Wednesday, April 17, 2024

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Fitbit to Launch a Study for the Detection of AFib

Product laydown photography for Fitbit Charge 4.

Fitbit has launched a new research study regarding the sensory detection of atrial fibrillation. They are looking at the enrolment of hundreds and thousands of their smartwatches and fitness tracker users.

It has been named the Fitbit Heart Study, the aim of this study is to continuously and passively monitor the user’s heart rate with the help of the device called the photoplethysmography (PPG) sensor. An appropriate algorithm will elucidate the findings and mark possible fluctuations for follow-up which includes:

  1. A visit by a doctor via telehealth which would be completely free.
  2. And if the need arises, the delivery of an ECG strip with interpretation via mail order to authenticate the abnormality.

“The main goals are to see how well this model of healthcare – passive monitoring, virtual visits, comparing with a clinical diagnostic test – works for screening for atrial fibrillation,” Tony Faranesh, a researcher and a scientist told in an interview. “We’re very excited for this study. We feel that our devices are really well suited for detecting a-fib, in that, because it’s a disease that comes and goes, it’s important that we have a long battery life … and people don’t have to take it off at night.”

Recruitment in the USA for the Fitbit Heart Study has been started and owners of any Fitbit gadget from ages 22 and beyond can participate in the study. The following devices by Fitbit have a built-in HR tracker:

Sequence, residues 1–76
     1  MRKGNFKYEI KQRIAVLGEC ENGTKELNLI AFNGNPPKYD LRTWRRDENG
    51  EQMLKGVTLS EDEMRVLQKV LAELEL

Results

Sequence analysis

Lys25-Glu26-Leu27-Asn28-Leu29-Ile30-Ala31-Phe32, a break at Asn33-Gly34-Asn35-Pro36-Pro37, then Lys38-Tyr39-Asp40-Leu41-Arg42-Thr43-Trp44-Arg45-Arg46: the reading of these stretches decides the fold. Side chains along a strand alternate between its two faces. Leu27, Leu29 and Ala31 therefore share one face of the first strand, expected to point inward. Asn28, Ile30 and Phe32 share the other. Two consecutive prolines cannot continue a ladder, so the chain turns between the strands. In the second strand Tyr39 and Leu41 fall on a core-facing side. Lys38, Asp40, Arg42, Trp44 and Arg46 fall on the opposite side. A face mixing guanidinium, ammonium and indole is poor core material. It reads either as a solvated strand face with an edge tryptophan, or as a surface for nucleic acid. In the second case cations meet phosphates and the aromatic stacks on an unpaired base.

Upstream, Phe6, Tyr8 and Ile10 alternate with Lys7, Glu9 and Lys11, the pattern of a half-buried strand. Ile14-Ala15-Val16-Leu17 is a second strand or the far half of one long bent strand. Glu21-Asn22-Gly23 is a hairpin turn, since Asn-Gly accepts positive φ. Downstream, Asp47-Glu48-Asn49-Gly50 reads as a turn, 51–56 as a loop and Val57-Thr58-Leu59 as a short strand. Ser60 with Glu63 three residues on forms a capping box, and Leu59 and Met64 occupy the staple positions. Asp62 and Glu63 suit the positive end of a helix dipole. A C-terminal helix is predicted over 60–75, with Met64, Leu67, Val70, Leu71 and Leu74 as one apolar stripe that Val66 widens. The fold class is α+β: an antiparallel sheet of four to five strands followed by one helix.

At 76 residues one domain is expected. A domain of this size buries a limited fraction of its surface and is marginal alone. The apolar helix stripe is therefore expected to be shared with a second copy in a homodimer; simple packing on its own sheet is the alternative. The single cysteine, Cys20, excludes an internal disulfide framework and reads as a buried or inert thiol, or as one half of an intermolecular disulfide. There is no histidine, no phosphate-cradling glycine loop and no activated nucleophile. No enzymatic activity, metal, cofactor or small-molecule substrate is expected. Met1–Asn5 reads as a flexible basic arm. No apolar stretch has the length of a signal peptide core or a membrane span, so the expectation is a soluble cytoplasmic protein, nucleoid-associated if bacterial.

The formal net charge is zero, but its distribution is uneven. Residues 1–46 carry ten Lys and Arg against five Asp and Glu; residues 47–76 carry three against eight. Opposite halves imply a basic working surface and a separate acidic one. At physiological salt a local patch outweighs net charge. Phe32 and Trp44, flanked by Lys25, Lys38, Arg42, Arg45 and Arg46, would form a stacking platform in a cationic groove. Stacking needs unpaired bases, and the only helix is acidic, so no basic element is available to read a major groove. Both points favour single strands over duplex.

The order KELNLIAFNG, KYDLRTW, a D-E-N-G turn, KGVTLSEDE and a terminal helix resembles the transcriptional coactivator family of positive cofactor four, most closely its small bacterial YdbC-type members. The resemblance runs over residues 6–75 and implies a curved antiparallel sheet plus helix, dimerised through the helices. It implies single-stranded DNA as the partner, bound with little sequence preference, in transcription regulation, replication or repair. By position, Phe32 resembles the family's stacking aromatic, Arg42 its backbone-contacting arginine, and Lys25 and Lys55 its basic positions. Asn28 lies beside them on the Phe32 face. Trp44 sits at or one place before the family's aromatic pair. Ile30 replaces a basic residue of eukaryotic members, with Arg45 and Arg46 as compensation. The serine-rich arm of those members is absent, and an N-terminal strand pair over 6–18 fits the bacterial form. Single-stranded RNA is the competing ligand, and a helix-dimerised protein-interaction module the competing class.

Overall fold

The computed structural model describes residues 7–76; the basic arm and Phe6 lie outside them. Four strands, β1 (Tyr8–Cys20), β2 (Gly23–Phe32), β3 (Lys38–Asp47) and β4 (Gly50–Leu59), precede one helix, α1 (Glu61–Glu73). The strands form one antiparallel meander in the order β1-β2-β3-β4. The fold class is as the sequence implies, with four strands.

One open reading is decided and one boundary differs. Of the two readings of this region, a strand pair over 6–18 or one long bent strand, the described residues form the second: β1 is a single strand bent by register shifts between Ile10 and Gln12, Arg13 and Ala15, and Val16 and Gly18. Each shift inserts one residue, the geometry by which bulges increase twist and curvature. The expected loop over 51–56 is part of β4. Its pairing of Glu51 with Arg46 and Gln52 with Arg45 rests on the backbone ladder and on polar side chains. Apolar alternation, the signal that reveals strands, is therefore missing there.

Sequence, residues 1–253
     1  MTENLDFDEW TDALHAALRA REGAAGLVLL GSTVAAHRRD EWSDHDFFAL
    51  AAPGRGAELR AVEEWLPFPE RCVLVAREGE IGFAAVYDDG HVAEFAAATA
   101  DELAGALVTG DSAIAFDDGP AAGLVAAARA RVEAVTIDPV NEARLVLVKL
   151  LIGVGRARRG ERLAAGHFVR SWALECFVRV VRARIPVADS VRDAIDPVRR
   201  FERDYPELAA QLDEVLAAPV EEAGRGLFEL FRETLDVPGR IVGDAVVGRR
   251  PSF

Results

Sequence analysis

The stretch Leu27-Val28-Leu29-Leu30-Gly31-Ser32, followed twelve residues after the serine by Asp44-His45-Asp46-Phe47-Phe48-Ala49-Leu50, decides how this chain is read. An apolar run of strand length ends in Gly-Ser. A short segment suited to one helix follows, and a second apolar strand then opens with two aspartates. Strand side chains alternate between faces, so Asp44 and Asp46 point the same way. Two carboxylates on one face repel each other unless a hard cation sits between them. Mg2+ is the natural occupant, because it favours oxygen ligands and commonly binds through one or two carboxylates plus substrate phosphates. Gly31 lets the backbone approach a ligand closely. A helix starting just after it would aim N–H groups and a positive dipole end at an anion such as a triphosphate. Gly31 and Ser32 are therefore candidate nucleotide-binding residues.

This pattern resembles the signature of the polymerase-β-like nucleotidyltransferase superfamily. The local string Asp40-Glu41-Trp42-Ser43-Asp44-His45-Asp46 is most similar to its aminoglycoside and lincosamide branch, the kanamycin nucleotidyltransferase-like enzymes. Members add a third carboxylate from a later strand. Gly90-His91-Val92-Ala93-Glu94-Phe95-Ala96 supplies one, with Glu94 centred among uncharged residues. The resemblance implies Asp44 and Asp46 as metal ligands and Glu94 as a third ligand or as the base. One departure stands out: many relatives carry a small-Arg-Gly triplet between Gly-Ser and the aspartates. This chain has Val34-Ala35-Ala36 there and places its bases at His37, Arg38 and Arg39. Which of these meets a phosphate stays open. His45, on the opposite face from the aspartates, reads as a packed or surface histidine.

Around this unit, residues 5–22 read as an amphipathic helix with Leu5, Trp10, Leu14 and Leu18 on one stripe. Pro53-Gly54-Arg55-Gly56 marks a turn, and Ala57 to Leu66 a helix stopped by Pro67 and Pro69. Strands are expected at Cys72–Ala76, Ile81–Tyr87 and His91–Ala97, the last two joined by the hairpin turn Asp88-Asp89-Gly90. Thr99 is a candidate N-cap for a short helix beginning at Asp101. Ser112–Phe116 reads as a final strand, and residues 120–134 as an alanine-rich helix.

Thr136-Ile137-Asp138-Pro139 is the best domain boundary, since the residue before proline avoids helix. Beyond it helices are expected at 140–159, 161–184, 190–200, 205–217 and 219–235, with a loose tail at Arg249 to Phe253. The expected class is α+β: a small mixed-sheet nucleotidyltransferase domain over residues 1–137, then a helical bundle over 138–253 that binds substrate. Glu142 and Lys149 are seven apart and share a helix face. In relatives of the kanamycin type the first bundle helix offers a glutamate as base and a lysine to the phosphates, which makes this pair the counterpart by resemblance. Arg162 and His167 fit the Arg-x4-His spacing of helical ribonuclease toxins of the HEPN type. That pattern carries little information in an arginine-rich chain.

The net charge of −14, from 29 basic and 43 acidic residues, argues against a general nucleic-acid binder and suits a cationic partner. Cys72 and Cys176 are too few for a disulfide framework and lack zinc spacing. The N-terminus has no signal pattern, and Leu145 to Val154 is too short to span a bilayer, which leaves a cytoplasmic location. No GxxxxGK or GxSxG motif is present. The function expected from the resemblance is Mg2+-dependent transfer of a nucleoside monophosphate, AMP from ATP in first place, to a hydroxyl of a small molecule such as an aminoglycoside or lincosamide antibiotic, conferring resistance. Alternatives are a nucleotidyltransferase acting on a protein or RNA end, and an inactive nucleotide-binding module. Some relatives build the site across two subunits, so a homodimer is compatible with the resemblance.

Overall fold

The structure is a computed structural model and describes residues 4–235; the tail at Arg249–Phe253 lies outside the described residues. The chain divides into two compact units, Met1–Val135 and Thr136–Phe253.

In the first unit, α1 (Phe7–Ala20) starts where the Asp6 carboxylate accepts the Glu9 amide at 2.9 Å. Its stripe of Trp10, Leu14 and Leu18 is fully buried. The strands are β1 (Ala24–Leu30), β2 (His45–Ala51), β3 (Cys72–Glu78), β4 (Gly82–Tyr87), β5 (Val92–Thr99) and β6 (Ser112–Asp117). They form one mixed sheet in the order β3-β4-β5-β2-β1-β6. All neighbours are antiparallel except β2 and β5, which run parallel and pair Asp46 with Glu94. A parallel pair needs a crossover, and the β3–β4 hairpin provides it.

• Inspire HR
  • Ionic
  • Charge 4 devices
  • Charge 3 devices
  • Devices from the Versa series

The sharing of information will be between the company and the partners in this study. The company also plans on notifying the individuals in case of the detection of any significant arrhythmias.

Although it is a given that many of the participants will be less likely to get any of the arrhythmia notices, Tony Faranesh commented that they are looking forward to enrolling anywhere from 200,000 to 250,000 individuals with Fitbit devices so that the regulators of the study are satisfied. Hitting those numbers would also assist Fitbit in showing that this approach will not give numerous false positives, said co-founder and CTO Eric Friedman.

“The regulatory community, while they want people who are sick to go to the hospital, they’re also equally interested in [making sure] people who aren’t sick don’t go to the hospital,” said Eric Friedman in an interview. “Because we’re a consumer product, they want to make sure we have scope backing our proof that people won’t overwhelm the medical system. That’s part of the reason for the large size of this study.”

While being on Fitbit’s controlled efforts, the company announced that there is an advancement in the formation of onboard ECG property for the gadgets. According to Friedman, Fitbit has completed a significant trial and is waiting on the approval from the authorities after the submission of its newly formed ECG feature. Friedman also stressed on the fact that realtime detection of AFib via the ECG and the PPG “guardian angel” approach of the Fitbit Heart Study are interdependent endeavours for continuous monitoring of a person’s health.

“ECG has a role, and we’re working on ECG as well,” said he. “But because we have a 24-hour product, we have the unique ability to understand what is happening in the human body holistically throughout the day.”

“You can almost think of these working in parallel, where if you have an event and you’re awake, we can alert you and say ‘Hey, now might be a good time to take an ECG.’ But that’s not necessarily required, so these kind of work in tandem with each other instead of in opposition.”

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